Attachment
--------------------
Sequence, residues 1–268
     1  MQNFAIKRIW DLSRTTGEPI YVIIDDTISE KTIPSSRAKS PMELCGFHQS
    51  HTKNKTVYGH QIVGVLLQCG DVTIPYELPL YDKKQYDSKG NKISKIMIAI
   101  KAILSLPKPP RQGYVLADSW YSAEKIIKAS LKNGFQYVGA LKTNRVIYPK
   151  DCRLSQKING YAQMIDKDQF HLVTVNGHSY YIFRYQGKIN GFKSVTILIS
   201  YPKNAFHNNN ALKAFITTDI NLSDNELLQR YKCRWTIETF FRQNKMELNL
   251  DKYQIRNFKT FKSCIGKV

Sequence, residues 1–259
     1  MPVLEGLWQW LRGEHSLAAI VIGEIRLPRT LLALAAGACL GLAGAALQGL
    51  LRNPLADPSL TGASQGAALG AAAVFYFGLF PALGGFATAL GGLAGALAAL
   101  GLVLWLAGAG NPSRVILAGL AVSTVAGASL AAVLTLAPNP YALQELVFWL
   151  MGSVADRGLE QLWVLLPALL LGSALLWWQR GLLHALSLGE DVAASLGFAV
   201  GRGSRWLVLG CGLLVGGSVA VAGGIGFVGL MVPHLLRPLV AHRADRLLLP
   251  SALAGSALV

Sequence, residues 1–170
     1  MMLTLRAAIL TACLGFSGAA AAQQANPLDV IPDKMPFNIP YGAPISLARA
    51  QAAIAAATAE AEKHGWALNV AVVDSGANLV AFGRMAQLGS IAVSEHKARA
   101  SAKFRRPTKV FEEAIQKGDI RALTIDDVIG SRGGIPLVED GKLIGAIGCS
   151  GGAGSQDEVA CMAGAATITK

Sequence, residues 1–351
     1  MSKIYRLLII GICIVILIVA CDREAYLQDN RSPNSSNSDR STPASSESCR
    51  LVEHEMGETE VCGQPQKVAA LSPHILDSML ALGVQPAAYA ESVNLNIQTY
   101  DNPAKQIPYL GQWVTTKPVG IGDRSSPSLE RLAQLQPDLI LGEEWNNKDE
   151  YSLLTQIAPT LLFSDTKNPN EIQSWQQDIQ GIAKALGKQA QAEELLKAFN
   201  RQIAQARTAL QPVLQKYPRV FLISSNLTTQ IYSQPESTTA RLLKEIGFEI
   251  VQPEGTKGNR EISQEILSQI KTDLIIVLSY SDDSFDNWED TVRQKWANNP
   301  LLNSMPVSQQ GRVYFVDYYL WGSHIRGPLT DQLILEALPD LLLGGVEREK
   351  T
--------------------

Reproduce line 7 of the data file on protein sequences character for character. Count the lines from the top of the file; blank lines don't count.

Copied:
   251  DKYQIRNFKT FKSCIGKV